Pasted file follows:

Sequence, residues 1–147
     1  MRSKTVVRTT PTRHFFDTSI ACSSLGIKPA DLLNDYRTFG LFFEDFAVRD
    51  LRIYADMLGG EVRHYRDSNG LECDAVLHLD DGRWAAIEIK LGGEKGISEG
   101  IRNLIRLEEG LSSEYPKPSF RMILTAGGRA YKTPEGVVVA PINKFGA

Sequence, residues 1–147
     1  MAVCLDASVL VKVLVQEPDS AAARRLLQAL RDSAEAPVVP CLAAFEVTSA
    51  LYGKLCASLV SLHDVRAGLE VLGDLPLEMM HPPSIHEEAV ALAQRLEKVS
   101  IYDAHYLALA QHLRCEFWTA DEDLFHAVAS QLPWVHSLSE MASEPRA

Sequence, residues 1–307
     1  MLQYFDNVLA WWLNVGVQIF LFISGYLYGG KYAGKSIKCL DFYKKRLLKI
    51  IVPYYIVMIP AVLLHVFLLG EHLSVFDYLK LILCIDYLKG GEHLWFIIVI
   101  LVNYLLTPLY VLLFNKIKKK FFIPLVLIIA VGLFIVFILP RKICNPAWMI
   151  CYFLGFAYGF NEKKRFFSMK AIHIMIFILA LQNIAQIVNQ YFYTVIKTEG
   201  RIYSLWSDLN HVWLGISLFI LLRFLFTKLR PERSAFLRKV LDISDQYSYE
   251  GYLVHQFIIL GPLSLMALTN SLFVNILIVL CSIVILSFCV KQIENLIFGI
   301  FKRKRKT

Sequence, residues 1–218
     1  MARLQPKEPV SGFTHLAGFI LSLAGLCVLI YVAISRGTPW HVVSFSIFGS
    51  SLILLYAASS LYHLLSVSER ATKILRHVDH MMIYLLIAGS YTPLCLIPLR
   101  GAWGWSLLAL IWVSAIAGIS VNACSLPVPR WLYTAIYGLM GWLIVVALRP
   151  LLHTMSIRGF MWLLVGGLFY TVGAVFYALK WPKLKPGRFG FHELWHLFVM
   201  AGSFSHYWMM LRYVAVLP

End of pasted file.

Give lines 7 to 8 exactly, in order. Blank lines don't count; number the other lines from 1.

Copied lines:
    51  LYGKLCASLV SLHDVRAGLE VLGDLPLEMM HPPSIHEEAV ALAQRLEKVS
   101  IYDAHYLALA QHLRCEFWTA DEDLFHAVAS QLPWVHSLSE MASEPRA